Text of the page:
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  4. NBers live on rocks that are older than anywhere else on the planet. Our mountain chain looked like the Rockies before the Rockies were, well, a spark in God’s eye, I suppose…..anyhoo….
    Our mountains don’t look like the Rockies because they have had eons of time to wear down. Now, all that is left is rocks from the middle of a mountain chain that was formed when pangea was separating. I think that’s pretty darn cool. 🙂

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  5. muriel - hanwell, nb August 4, 2015, 4:38 pm

    and what about all that radon we have in our homes, surely that deserves a mention

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  6. Was this article suppose to shine a positive light on life in New Brunswick or was the sarcasm intended? The first few words alone are condescending to readers, “…one of the top 10 provinces in which to live..” thank you Mr. Lewis for clearing that up for those of use who didn’t know there were 10 provinces in this country. And the comment about a stable education system, I am not sure what this is specifically about but NB is the first province to approve free post-secondary education for families with lower incomes and they have a higher required age for schooling, age 18, the same as here in Ontario.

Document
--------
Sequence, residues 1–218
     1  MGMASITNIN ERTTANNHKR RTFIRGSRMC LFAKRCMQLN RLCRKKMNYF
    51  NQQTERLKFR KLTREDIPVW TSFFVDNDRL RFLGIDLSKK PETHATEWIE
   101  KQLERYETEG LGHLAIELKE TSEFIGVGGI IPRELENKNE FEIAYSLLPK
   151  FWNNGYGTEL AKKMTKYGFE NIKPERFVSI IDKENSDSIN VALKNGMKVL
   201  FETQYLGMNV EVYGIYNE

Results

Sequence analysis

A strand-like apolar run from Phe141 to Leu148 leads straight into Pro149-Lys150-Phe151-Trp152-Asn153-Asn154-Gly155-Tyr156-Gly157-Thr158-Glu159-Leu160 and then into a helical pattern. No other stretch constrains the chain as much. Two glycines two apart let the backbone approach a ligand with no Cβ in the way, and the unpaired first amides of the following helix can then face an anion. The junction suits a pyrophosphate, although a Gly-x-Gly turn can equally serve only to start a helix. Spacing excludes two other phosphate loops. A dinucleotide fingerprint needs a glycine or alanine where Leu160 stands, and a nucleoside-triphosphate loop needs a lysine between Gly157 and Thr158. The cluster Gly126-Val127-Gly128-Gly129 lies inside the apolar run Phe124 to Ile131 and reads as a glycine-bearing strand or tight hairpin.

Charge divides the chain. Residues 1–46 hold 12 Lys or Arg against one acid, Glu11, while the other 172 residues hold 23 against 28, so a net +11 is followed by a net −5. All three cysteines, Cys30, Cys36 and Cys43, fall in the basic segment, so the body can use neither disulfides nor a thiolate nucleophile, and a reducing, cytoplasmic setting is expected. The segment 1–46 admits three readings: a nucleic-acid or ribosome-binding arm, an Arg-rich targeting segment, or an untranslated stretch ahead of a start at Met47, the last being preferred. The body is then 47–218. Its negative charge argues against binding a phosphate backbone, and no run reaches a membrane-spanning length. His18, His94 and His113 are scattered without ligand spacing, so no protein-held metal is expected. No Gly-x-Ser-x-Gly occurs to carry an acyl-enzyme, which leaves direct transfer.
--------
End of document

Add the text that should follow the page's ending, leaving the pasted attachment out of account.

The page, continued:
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  7. “New Brunswick is chalk-full” – ah yes – just like my education was

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  8. I don’t get the comment about staying away from Moncton. is it a bad town? Why?

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  9. gosh I am so depressed now, we are actually thinking of moving to N.B. to retire in…